It is up to us, the youth, to make ourselves relevant and to make our voices heard. The first thing that the youth need to decide is whether or not there is a cause that speaks to them, that they refuse to be ignored about. This will be difficult in our time. Individuality has been idolized and forced down our throats. This ideology of individualization has forced what once used to be a collective into nothing but small insignificant beings. Not only have we been taught that being an individual is key in life, we have also been taught to be afraid, not to think for ourselves, not to stand up to the government, and to accept what is being handed to us by the state. We have been conditioned to believe that competition is everything, that we need to be our best selves; the most marketable version possible. But, if there is one thing we know, it is that we have the ability to come together as a collective and make change. We have the ability to come together, like generations of youth have done before us. What causes will we champion? What kind of society will we work towards? It is completely up to us; however, it must be an issue that we are willing to take on ourselves.
During his lecture, Bob recalled a time when politics was different. When “question period” meant just that, real questions with real answers. When campaigns were run on the pressing issues of the day, and not a back and forth of negativity. A time when politics wasn’t theatre, when every line wasn’t scripted and campaign slogans weren’t repeated in every debate. The first question Bob was asked after his lecture was if he had noticed a positive improvement in politics over the past thirty years. He couldn’t think of an answer. Bob said what we were all thinking, that the level of political discourse has fallen dramatically; it’s negative, critical, and personal. I asked Bob “What’s it going to take? How do we make politics matter, how do we raise the level of discourse?” His answer was simple: passion.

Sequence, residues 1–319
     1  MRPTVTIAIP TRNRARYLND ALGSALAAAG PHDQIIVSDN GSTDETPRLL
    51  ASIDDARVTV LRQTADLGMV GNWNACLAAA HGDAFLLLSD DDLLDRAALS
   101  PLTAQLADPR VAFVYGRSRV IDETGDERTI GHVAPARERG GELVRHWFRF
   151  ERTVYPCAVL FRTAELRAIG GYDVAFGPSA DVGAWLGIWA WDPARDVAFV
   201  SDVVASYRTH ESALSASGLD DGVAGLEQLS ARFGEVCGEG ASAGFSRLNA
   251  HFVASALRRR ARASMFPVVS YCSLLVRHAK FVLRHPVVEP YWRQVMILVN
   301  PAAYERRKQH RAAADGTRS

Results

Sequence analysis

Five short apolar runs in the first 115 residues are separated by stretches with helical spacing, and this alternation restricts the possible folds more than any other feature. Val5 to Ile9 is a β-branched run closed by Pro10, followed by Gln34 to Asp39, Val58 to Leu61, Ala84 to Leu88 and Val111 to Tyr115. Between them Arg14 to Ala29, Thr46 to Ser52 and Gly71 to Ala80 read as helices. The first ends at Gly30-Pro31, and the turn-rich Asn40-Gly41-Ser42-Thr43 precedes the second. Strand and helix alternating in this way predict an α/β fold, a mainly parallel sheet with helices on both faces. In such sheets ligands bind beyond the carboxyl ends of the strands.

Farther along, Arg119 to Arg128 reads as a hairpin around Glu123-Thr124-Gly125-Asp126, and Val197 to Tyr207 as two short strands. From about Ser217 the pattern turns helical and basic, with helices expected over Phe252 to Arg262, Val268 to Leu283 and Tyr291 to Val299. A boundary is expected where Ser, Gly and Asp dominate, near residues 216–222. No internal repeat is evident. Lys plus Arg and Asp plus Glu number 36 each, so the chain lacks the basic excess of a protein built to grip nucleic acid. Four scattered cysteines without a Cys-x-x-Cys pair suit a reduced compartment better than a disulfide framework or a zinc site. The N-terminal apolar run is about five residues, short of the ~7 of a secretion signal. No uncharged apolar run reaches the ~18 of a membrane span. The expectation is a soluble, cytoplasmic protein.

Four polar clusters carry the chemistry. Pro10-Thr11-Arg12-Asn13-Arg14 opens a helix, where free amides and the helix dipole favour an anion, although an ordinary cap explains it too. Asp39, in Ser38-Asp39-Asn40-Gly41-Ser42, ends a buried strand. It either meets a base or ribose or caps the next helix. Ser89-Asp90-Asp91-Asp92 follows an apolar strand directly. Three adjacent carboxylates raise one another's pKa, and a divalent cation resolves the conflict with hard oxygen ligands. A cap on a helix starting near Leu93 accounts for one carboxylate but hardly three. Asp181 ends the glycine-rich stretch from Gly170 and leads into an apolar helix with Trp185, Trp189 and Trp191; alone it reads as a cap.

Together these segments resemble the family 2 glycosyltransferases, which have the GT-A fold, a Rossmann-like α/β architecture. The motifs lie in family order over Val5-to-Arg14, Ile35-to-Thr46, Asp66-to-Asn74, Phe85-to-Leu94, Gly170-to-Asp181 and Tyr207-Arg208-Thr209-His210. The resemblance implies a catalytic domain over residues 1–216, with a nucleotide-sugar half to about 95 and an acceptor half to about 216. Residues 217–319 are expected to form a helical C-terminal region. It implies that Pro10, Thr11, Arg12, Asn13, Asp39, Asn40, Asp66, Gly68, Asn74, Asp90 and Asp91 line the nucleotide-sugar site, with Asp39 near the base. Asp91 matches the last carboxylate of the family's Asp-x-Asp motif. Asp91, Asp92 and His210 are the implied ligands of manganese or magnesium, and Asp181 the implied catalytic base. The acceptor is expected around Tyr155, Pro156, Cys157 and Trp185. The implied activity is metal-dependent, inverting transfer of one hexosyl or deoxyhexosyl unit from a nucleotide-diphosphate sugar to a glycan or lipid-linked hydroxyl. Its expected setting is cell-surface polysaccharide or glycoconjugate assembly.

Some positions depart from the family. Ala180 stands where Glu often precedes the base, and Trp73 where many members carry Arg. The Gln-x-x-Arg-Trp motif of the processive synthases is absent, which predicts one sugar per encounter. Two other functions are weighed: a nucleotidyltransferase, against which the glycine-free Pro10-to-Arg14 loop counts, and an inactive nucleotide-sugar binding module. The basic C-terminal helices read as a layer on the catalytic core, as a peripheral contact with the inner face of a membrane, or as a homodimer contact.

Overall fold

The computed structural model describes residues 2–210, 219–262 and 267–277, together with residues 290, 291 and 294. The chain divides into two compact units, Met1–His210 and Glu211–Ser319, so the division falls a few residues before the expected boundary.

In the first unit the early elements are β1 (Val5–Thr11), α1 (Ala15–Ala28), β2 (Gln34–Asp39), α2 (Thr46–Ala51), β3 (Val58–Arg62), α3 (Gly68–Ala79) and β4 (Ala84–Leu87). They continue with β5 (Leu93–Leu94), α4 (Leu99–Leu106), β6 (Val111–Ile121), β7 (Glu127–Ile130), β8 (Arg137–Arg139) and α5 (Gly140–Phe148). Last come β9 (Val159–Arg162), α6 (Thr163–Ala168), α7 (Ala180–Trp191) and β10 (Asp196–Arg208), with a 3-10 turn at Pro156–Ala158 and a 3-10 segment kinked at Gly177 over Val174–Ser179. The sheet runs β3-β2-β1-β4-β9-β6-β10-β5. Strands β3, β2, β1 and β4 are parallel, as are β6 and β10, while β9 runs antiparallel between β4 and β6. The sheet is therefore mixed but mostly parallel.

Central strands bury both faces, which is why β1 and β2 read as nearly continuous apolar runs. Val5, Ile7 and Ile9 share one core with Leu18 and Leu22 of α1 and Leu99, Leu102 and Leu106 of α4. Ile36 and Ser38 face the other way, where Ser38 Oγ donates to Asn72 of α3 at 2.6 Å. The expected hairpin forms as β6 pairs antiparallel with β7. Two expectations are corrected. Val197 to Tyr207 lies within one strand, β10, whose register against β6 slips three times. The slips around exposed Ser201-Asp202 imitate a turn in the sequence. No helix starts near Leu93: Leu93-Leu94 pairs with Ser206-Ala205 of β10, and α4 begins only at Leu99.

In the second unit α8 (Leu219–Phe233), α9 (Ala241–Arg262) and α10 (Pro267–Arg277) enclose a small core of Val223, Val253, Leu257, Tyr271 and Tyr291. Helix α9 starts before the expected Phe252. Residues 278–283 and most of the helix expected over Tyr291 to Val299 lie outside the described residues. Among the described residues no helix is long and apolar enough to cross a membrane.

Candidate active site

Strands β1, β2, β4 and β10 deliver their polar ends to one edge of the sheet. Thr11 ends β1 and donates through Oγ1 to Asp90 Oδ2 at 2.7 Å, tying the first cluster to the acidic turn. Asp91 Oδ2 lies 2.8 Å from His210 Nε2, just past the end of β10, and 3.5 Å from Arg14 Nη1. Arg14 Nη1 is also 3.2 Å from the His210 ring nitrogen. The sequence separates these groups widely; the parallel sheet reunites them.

So we hereby challenge our Acadia peers and ask them, “What are you passionate about? What will be our agenda? Are we willing to come together and take a stand, to make a difference?” Apathy is not boring, it is bullshit. We are thankfully living in a stable state, going to school at a university which encourages expression and collectives: so why are we not using that to our advantage? Why are we content to accept society for how it is, and not pushing it towards what it could be? Our voices matter Acadia, your voice matters. So what will we raise them for?